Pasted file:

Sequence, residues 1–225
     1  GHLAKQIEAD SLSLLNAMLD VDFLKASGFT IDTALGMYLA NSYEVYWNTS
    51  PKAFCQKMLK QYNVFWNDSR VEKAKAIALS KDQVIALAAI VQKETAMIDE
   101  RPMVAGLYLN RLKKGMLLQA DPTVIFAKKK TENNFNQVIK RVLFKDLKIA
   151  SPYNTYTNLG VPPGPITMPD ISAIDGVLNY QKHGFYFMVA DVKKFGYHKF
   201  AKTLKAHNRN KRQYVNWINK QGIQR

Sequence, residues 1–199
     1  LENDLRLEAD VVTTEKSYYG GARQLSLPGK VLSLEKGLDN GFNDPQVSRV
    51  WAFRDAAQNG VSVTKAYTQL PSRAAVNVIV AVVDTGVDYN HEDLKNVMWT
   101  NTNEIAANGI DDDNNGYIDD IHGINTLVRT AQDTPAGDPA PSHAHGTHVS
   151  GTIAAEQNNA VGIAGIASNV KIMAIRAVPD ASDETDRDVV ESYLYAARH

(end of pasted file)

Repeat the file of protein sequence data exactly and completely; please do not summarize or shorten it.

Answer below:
Sequence, residues 1–225
     1  GHLAKQIEAD SLSLLNAMLD VDFLKASGFT IDTALGMYLA NSYEVYWNTS
    51  PKAFCQKMLK QYNVFWNDSR VEKAKAIALS KDQVIALAAI VQKETAMIDE
   101  RPMVAGLYLN RLKKGMLLQA DPTVIFAKKK TENNFNQVIK RVLFKDLKIA
   151  SPYNTYTNLG VPPGPITMPD ISAIDGVLNY QKHGFYFMVA DVKKFGYHKF
   201  AKTLKAHNRN KRQYVNWINK QGIQR

Sequence, residues 1–199
     1  LENDLRLEAD VVTTEKSYYG GARQLSLPGK VLSLEKGLDN GFNDPQVSRV
    51  WAFRDAAQNG VSVTKAYTQL PSRAAVNVIV AVVDTGVDYN HEDLKNVMWT
   101  NTNEIAANGI DDDNNGYIDD IHGINTLVRT AQDTPAGDPA PSHAHGTHVS
   151  GTIAAEQNNA VGIAGIASNV KIMAIRAVPD ASDETDRDVV ESYLYAARH